It was very sad to hear news of the imminent closure of Airdrie Savings Bank – the UK’s last independent, mutual savings bank. Senscot, through our involvement with SCRT, had been closely involved with ASB in recent years. Here’s a statement from SCRT.
Although it is not acknowledged in any manifesto – our SNP administration equates efficiency with the relentless march of centralisation; delighted that our parliament rejected this week (by 64 votes to 63) the plan to remove the autonomy of Highlands and Islands Enterprise (HIE). Subsidiarity or strong central control are very different approaches to governance; I wish there was more awareness of where the SNP approach is taking Scotland.
Social Enterprise Scotland is hosting its Social Enterprise Exchange this year at the Corn Exchange in Edinburgh on Tuesday 21st March. The day will include a market place as well as a series of workshops and is targeted at social enterprises, charities, public and private sector organisations – and will open with some words from our First Minster. Cost for SES members – £75 + VAT; All other SE delegates – £100 + VAT.
This week’s bulletin profiles a new social enterprise and Glasgow SEN member that is looking to bring ‘ginger’ manufacturing back to the east end of Glasgow. Bottle of Ginger – part of Urban Edge – is a new venture that will designing, growing and manufacturing ‘ginger’ in its Brigtoun manufactory. They will be showing that ‘ginger’ can be made with local produce and without syrups, sweeteners or artificial colouring. In addition, they will be running training programmes – Forage, Farm, Ferment – with a series of events that include discussion, films and workshops. Bottle of Ginger’s first drinks – Ginger Beer and Scots Kola – will be launched next month.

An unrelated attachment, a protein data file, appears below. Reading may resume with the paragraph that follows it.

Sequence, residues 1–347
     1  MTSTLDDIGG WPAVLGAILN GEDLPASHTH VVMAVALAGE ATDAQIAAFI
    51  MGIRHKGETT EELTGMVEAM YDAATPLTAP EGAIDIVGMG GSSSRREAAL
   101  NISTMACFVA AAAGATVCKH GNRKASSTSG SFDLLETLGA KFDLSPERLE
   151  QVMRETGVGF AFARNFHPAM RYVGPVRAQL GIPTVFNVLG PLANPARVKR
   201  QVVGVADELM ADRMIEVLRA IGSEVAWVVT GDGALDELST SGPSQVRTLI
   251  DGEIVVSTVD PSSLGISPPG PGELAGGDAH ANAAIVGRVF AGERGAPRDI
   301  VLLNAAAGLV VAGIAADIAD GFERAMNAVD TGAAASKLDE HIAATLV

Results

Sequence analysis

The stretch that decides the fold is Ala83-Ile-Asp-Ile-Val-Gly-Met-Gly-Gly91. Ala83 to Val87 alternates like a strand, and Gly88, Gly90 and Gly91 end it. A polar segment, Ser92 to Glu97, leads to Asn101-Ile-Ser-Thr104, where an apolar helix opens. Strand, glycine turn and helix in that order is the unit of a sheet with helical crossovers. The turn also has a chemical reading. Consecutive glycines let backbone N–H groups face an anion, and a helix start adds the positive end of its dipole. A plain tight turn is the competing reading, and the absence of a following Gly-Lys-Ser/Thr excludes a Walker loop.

Monday of this week was Martin Luther King Jr day in the USA – rightly honoured for his non-violent approach to civil protest. We all hope that our brothers and sisters in Northern Ireland can heed King’s message of reconciliation.
“I do not want to give the impression that non-violence will work miracles overnight. People are not easily moved from their mental ruts or purged of their prejudice and irrational feelings. When the underprivileged demand freedom, the privileged first react with bitterness and resistance. Even when the demands are couched in non-violent terms, the initial response is the same. So the non-violent approach does not immediately change the heart of the oppressor. It first does something to the hearts and souls of those committed to it. It gives them a new self-respect; it calls up resources of strength and courage that they did not know they had. Finally, it reaches the opponent and so stirs his conscience that reconciliation becomes a reality.”
Here’s an interview this week with Martin Luther King’s daughter, Bernice.
That’s all for this week.